Who is left to take the load when a life-long carer dies?

Carol Nader

November 22, 2010

     

    EVEN as Yvonne Graham lay in hospital dying, she was thinking of her son. For much of her life she had known little else – she was a 70-year-old woman looking after a man, 44. For years, she had been anxious about who would look after him when she died. Last month, she did.

    As a baby, David Graham had been tiny, born very premature at just 24 weeks. As a grown man he was still vulnerable. He had lived in the safe world provided by his mother – a world that, a few months ago, collapsed around him when she was taken to hospital, screaming at the pain shooting through her back.

    When she was finally given a diagnosis, it all happened so quickly. The lung cancer had already spread to her spine. They gave her nine months to a year, but she died within weeks of being diagnosed.

    ”She was terrified that there was nothing in place for him,” says her daughter, Leah Humphreys, who has now inherited the role of worrying about her brother.

    For a man with multiple disabilities, Mr Graham is quite high functioning. He has an intellectual disability, epilepsy and is legally blind. A few months ago, bowel cancer became his new challenge. Despite everything, he tries hard to be independent. ”I don’t let anything stop me,” he says.

    Mr Graham needs supported accommodation. But 1239 people with disabilities are registered with the Department of Human Services for such accommodation.

    According to the Department of Human Services, it costs on average $125,000 a year to keep a person with disabilities in supported accommodation. In a small number of exceptionally difficult cases, it can cost as much as $500,000. To build a facility housing five people costs on average $1.5 million. Labor has pledged 50 new places specifically to accommodate people with disabilities living with an older carer.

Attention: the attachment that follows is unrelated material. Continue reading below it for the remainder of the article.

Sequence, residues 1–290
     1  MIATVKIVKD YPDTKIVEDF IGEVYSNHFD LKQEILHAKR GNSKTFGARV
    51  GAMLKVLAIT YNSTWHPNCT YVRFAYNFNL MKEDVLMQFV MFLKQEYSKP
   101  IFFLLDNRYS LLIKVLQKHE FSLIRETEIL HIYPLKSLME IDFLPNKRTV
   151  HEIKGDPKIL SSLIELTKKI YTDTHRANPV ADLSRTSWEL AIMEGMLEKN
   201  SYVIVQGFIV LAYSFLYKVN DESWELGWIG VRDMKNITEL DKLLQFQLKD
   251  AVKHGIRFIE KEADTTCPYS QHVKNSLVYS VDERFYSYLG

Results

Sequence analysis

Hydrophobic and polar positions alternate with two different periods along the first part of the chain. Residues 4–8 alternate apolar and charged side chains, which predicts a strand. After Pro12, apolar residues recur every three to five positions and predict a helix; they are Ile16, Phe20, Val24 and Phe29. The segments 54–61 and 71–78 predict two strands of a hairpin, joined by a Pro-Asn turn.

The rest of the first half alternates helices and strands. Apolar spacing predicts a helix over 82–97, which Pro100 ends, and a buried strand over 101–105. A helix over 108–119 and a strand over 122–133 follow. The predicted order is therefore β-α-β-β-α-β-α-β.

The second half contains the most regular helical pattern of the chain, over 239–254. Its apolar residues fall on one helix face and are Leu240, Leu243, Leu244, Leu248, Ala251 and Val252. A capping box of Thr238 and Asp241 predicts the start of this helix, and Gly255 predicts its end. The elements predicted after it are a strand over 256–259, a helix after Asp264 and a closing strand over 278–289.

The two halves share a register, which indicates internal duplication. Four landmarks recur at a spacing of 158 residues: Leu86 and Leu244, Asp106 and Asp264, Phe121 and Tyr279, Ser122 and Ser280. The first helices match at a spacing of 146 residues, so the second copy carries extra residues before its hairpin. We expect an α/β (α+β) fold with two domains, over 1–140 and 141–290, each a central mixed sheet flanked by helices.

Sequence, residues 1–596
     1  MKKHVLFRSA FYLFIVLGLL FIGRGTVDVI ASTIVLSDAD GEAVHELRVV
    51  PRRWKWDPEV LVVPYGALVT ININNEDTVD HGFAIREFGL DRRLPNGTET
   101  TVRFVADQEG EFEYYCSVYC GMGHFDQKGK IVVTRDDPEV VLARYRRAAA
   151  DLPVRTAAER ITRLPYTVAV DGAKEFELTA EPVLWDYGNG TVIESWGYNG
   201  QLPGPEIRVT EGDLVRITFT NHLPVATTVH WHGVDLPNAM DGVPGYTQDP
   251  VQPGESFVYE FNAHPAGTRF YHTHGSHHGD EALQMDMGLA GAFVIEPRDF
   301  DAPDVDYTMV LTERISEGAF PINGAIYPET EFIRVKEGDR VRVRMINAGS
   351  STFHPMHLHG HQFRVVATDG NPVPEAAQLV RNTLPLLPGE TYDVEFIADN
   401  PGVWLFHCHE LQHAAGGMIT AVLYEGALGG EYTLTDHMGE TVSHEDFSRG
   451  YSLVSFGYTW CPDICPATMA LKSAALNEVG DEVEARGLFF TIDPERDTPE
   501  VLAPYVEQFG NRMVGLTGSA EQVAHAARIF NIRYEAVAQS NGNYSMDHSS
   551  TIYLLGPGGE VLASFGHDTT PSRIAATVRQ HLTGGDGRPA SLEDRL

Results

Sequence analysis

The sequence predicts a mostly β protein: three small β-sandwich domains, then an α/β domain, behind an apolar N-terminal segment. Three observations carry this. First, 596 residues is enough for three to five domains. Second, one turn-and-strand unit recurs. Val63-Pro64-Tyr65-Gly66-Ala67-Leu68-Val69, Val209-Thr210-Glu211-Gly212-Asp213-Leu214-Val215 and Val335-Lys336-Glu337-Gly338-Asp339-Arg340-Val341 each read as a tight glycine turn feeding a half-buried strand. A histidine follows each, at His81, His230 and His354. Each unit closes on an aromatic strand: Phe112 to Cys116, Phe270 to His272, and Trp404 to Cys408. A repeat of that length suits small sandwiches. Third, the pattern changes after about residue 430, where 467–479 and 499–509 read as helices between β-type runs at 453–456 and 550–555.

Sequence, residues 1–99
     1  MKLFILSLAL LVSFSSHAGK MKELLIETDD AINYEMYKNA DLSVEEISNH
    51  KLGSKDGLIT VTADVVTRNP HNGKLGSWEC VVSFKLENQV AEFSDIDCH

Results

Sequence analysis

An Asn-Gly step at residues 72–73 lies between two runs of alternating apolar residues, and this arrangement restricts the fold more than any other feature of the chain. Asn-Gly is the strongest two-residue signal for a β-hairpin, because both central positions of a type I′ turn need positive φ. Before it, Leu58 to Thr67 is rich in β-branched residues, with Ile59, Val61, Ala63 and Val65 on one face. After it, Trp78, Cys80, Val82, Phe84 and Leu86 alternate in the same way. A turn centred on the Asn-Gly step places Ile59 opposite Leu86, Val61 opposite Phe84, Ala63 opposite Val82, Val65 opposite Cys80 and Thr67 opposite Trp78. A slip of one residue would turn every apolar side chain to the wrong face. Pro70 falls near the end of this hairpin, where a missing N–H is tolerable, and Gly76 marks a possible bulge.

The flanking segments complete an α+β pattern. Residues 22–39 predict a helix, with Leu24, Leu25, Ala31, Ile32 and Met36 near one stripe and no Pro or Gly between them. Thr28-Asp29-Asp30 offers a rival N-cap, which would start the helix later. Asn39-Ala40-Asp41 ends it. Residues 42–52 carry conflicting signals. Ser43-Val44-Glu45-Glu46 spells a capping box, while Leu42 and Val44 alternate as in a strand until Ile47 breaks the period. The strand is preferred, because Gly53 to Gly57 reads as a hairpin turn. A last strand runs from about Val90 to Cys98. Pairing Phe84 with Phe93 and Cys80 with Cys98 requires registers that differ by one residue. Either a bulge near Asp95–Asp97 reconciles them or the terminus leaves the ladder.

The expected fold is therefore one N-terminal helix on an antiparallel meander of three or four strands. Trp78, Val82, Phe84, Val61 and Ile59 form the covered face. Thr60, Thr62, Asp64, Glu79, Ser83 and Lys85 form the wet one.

Last week, the opposition promised $50 million to build a rail line linking Avalon airport to Melbourne and Geelong, and the government pledged $77 million on new and expanded school camps.

    ”It’s the difference between the convenience of a transport option and the absolute basic right of living with dignity for carers and their adult children with disability,” says National Disability Services state manager Rhonda Lawson Street.

    What Mr Graham needs is to be cared for, someone to supervise him, to do the cooking and cleaning and make sure he brushes his teeth. He wants a place of his own, with a support worker to help him.

    A meeting will be held later this month with his case worker and the department to try to work out a plan. But it will all depend on how ”urgent” the department decides he is.

    So, he waits, still in the same house in which he lived with his mother, where his brother also lives. But, Ms Humphreys says, this is not an appropriate living situation as his brother cannot be his carer. Ms Humphries has three of her own children, a husband, and her own business. It is not possible for her to look after her brother as well.

    Carers Victoria chief executive Maria Bohan said many carers in their 60s and 70s and 80s were saving the government billions of dollars by caring for middle-aged children.

    ”We also know some of these ageing parents … are now frail themselves, suffering ill health, and some of them are caring alone because they’ve lost their own life partner or their relationship has broken up because of the stress,” she says.

    It is a stress that Brian Broughton is familiar with. He is 72. His wife, Betty, is 74. Their daughter, Debra, 42, has Down Syndrome.

    When their baby girl was born with the condition, a doctor told them, ”Take her home and love her.” And that’s what they did. They even dipped into their superannuation and bought her a house where she could live, with three other young women with intellectual disabilities also living there and paying them rent.

    They have since sold that house and bought a unit closer to them, where Debra lives on her own.

    With the money left over, they have set up a disability trust to pay for Debra’s care and accommodation. She has part-time carers whom her parents pay for.

    As she loses more function, her parents’ worry grows. They have added her name to the register of people seeking supported accommodation.

    But, Mr Broughton says, ”with very little likelihood of getting in”.

     

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